“Rowley went after his guard, Mike Walsh. I mean talking to him. Finally, around midnight, he persuaded Mike to send for Rubber Cole-man. Rubber had a talk with him and. Mike. Then there was a lot of conspiring, and Rubber did a lot of dickering with Rowley. We were gathered in the dark in the sagebrush out hack of John’s Palace, a shack out at the edge of the city—”
Clara Fox looked up. “My father underscored the word city.”
Wolfe nodded. “Properly, no doubt.”
She went on: “—and we had been drinking some and were having a swell time. Around two o’clock Rubber showed up again and lit matches to show us a paper George Rowley had signed, with him and Mike Walsh as witnesses. I’ve told you about it. I cant give it to you word for word, hut this is exactly what it said. It said that his real name wasnt George Rowley, and that he wasn’t giving his real name in writing, hut that he had told it to Rubber Coleman. It said that he was from a wealthy family in England, and that if he got out of Silver City alive he would go hack there, and some day he would get a share of the family pile. It said it wouldn’t be a major share because he wasn’t an oldest son. Then it hereby agreed that whenever and whatever he got out of his family connections, he would give us half of it, provided we got him safe out of Silver City and safe from pursuit, before the time came to hang him.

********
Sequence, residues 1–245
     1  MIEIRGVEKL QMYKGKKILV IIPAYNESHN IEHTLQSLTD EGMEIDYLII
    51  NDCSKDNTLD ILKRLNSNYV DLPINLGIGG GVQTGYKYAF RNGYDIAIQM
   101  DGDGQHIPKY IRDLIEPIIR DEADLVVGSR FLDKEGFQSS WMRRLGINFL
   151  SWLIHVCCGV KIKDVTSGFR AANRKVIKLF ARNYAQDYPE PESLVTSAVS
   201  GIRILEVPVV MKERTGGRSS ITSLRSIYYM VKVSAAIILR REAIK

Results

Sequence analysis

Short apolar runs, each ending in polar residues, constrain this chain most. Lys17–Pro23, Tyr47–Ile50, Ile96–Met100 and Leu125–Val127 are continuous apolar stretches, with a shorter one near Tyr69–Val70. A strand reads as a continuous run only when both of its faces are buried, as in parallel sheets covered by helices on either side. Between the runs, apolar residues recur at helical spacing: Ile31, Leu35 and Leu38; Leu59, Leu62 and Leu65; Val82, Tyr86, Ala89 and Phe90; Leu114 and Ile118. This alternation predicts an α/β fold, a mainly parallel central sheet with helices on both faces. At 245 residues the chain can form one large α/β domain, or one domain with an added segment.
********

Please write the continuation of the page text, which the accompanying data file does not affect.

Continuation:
“We were young, and thought we were adventurers, and we were half drunk or maybe more. I doubt if any of us had any idea that we would ever get hold of any of the noble English wealth, except possibly Rubber Cole-man, but the idea of the night rescue of a member of our gang was all to the good. Rubber had another paper ready too, all written up. It was headed, PLEDGE OF THE RUBBER BAND, and we all signed it. It had already been signed by Mike Walsh. In it we agreed to an equal division of anything coming from George Rowley, no matter who got it or when.